Resource and waste management

University students and staff are large consumers of goods and services in relation to their study, teaching, research and generally living/working at the University. Each purchase has a consequence resulting from the combined impact of the manufacture, transport, use and disposal of that product.

03 Good Heath and Well-Being08 Decent Work and Economic Growth12 Responsible Consumption and Production13 Climate Action

Sustainable resource and waste management is about using material resources efficiently to reduce the amount of waste produced and, where waste is generated, dealing with it in a way that actively contributes to the economic, social and environmental goals of sustainable development.

Our commitment to resource and waste management

Procurement Policy

Sustainable procurement is included as a key consideration in the University's Procurement Policy. Sustainable procurement sees a shift from purchasing goods services, utilities and works under conventional procurement criteria of price and quality, to incorporating triple bottom line outcomes.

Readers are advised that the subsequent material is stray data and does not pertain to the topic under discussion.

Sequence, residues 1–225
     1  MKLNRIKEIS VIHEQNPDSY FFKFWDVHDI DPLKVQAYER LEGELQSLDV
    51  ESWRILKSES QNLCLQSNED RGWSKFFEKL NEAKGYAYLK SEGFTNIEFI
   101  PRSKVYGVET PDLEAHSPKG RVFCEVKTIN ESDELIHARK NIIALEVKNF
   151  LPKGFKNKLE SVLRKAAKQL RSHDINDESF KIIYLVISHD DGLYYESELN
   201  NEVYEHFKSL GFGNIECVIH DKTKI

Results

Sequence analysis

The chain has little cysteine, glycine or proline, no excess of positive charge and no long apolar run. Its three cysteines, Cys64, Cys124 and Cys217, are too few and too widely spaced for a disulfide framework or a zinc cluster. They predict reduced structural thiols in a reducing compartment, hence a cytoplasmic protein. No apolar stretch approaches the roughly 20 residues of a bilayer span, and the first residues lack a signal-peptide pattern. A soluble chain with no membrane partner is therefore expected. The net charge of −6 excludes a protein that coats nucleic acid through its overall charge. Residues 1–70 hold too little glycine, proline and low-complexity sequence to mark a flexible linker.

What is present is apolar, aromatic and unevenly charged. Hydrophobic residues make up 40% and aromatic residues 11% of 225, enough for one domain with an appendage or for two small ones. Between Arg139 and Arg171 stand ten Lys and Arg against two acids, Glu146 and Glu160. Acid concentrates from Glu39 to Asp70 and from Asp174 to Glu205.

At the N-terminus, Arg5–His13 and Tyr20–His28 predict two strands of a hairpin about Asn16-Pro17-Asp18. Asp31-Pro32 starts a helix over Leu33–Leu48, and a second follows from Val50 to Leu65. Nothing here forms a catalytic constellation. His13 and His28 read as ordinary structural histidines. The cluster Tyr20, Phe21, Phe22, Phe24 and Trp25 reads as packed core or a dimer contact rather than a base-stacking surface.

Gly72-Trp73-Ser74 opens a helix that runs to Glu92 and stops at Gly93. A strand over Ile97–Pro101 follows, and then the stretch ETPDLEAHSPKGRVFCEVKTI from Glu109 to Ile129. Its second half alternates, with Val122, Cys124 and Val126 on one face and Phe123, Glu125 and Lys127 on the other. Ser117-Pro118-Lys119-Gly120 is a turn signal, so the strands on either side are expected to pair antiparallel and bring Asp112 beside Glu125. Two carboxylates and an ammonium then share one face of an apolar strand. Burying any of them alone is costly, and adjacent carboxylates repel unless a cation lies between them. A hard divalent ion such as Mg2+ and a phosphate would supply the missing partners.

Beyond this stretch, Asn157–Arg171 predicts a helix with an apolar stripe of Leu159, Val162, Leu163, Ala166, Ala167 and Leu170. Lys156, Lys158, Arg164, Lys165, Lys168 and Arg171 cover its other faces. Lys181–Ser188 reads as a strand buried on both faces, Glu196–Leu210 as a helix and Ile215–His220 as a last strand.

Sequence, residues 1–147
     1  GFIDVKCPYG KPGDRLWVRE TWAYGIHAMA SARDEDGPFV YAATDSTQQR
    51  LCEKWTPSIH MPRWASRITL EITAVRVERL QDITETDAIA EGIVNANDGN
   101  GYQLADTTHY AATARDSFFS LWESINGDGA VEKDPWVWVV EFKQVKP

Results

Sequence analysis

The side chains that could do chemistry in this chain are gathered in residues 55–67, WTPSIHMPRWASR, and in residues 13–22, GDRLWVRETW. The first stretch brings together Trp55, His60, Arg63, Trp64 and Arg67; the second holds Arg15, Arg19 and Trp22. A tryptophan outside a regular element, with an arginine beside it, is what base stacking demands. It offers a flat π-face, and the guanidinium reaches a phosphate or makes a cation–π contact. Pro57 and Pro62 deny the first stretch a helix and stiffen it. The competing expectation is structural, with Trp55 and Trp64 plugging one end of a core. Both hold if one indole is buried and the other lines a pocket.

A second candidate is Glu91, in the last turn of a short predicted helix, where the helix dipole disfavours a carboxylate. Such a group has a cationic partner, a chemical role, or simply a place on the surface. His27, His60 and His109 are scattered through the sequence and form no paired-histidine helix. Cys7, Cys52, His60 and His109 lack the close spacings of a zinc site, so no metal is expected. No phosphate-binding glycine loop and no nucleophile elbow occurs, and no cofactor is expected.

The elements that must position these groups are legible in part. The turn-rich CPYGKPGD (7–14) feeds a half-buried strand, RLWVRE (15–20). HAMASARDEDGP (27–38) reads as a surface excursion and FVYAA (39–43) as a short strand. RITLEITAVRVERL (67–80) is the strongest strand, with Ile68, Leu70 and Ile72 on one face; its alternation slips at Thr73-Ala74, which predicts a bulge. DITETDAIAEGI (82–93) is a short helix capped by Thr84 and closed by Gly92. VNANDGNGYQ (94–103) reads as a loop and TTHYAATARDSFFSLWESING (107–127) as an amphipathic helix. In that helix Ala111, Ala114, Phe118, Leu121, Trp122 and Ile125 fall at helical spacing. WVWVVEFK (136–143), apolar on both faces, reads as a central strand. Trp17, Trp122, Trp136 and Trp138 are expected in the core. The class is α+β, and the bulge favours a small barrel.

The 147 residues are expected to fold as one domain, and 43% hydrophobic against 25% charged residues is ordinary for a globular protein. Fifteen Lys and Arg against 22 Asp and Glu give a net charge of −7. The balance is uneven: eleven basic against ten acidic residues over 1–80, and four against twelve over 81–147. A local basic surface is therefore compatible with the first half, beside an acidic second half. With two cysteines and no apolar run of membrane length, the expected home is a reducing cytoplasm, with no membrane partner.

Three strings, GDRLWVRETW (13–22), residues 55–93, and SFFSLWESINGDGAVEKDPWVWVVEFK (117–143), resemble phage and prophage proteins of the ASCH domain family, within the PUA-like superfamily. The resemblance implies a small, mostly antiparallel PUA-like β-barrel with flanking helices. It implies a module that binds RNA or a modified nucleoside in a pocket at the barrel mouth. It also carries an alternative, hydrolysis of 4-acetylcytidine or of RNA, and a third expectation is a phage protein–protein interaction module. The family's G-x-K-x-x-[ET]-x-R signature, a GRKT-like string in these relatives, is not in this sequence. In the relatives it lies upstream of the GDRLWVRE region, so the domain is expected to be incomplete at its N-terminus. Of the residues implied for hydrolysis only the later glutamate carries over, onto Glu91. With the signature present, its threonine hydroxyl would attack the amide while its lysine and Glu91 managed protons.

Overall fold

Waste Minimisation Action Plan

The University of Tasmania is committed to supporting staff and students in making sustainable decisions around material resources use and disposal.

The University's Waste Minimisation Action Plan 2021-2025 (PDF 607.5 KB) was endorsed by the Sustainability Committee in April 2021. The Plan was informed by the Sustainable Waste Management Discussion Paper (PDF 1.6 MB). The Waste Minimisation Action Plan will guide the entire University community in achieving our resource recovery and waste minimisation objectives using waste hierarchy in all university operations and activities.